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You don't have to be 'crazy as hell' to be a Rugby World Cup coach, but ...

We've had sensational half-time rants. There've been media conferences where you expected grown men to break down and cry. Others more restrained have shown excessive moments of emotion. The press has even called for the sacking of some. We're only two weeks into this World Cup tournament, and already numerous coaches are starting to go a bit wonky, seemingly struggling to handle the pressure.

France coach Philippe Saint-Andre became an early tournament hit when footage of his finger-thrusting tirade during the break in the Romania game was shown during the match broadcast. At the other end of the spectrum, the sight of a delirious Welsh coach Warren Gatland gleefully shaking every body part after his team's mighty and defiant triumph over England will not be forgotten for some time.

There has even been raw emotion on offer at media conferences, where coaches have openly pondered why they ever decided to pursue such an unpredictable and highly stressful lifestyle.

One of the most interesting and unexpected of media-coach powwows came after the South Africa-Samoa match in Birmingham last Saturday. Heyneke Meyer had just gone through a week of misery, having been forced to apologise to his nation after the Springboks had inexplicably lost to Japan in the first round.

As if being the coach on the wrong side of World Cup rugby's biggest upset was not humiliating enough, Meyer then had to endure the South African Minister of Sport Fikile Mbalula warning that further disappointment of the tournament would see the team branded a "bunch of losers who failed to represent their country".

"Mr Heyneke Meyer please can your team represent South Africa and make us proud,' the Sports Minister moaned.

All this came on top of recent complaints that Meyer had not picked enough black players in recent Springboks squads.

Meyer had appeared short of allies in the lead-up to Birmingham, and he could have easily have been an early tournament casualty had if the Springboks stumbled against Samoa. But the Springboks held up - even if a bit shakily at times - and Meyer was allowed some breathing space. He arrived at the press conference with a look of sheer relief. He appeared emotionally drained, but soon found his second breath. His first words were: "I would like to thank the Lord for blessing us. It's been a tough week."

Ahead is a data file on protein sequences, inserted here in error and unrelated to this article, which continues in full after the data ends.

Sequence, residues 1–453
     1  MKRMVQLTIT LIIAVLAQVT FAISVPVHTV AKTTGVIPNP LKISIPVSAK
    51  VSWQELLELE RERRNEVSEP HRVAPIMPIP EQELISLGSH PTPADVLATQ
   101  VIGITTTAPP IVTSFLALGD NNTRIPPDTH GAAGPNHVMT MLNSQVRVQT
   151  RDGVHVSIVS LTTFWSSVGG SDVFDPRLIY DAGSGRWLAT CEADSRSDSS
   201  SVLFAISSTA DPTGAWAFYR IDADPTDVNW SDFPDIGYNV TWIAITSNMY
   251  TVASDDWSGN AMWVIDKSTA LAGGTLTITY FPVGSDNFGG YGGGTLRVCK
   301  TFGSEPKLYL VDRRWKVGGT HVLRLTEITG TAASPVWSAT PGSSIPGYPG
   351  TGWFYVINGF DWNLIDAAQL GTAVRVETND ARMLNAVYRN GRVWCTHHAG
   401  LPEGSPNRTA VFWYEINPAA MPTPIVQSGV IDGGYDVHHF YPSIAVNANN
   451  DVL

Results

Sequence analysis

As we all wondered if we all had to go down on our knees and pray, Meyer thanked anyone and everyone in enabling him to get through what he had been the "toughest year of my career".

Sure, he wondered why he was eager to carry on as coach when he had been the target of so much venom and criticism, particularly from his own countrymen who were skeptical of his willingness to stack his squad with veterans - several clearly past their best.

"But that's why I coach. I'm crazy as hell."

You do have to be a bit wacko to take on the Springboks coaching position, as it involves trying to appease so many different sporting and political factions. It's a position where you can never please everyone; it is more a case of trying to keep your enemies to a minimum.

"I know there are a lot of bad things in my country," Meyer said. "But there are a lot of good things as well. And I know that when the Springbok team goes well, South Africa as a country goes well. We are a proud nation. And only winning is good for us. Yes, I know this job is a burden, but it is also an honour."

It was certainly time for a cold shower.

The other coach with an enormous burden right now is England's Stuart Lancaster. The consequences of the highly fancied host nation being out of contention before the end of the pool stage if they lose to Australia on Saturday is overwhelming.

An early England tournament departure will put an enormous dampener on this World Cup, and Lancaster is certain to be targeted. His position will be far from safe if Australia expose England's leadership problems and strange selections as did Wales last Saturday.

The big question is when and if Lancaster will ever crack. His matchday demeanour is certainly different - and a contrast to so many of the World Cup coaches. The expression never changes. Look straight ahead. Don't smile. Don't do anything. Just keep staring straight ahead. You would love to be sitting next to him so you can prod him and say: "You there? You with us?"

If Lancaster were an Australian, he would probably be tagged 'Bernie' as in Weekend at Bernie's. Stephen Larkham was given that nickname many years ago as he wouldn't say boo.

Nowadays Larkham is Harpo Marx compared to Lancaster.

Then again, Lancaster may have found remaining expressionless is the only way to retain your sanity in this "crazy as hell" profession. Other more extravagant ways have been tried, and failed.